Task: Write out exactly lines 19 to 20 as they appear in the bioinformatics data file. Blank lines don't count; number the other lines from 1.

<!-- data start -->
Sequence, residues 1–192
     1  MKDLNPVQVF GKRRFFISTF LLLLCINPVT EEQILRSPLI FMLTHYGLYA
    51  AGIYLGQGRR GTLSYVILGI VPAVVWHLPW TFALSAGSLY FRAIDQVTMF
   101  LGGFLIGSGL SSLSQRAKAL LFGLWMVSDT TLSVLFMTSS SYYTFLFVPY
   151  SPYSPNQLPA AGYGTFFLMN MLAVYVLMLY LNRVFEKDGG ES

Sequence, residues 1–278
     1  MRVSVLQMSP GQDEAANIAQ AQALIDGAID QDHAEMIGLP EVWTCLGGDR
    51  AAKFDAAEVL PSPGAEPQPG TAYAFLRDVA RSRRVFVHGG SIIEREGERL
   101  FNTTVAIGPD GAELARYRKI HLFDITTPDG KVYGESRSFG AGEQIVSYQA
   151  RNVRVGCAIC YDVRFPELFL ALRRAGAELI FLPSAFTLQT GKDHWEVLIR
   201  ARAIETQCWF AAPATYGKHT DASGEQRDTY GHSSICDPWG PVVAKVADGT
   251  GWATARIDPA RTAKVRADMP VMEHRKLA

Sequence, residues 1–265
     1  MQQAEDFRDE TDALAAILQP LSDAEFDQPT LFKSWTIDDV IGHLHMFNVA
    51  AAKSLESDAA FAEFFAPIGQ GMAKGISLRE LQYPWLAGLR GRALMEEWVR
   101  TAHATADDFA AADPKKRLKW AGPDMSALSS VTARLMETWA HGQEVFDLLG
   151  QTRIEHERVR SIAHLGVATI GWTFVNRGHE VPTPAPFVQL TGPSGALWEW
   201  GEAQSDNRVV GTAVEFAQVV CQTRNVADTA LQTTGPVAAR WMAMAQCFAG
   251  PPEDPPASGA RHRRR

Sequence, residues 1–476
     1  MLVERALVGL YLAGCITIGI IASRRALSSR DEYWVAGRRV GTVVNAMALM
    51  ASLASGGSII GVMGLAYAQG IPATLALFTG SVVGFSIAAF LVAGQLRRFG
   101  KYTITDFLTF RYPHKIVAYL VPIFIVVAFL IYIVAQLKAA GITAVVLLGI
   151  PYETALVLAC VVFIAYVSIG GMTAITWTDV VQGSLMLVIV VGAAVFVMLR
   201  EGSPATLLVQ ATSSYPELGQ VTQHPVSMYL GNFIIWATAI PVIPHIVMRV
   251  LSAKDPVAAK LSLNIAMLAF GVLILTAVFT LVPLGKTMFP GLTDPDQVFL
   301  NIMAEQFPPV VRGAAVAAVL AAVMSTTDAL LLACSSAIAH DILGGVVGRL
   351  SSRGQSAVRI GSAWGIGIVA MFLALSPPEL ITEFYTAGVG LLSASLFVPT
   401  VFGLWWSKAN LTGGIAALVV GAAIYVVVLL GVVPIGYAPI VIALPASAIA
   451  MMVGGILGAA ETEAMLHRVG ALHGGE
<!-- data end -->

   251  PPEDPPASGA RHRRR

Sequence, residues 1–476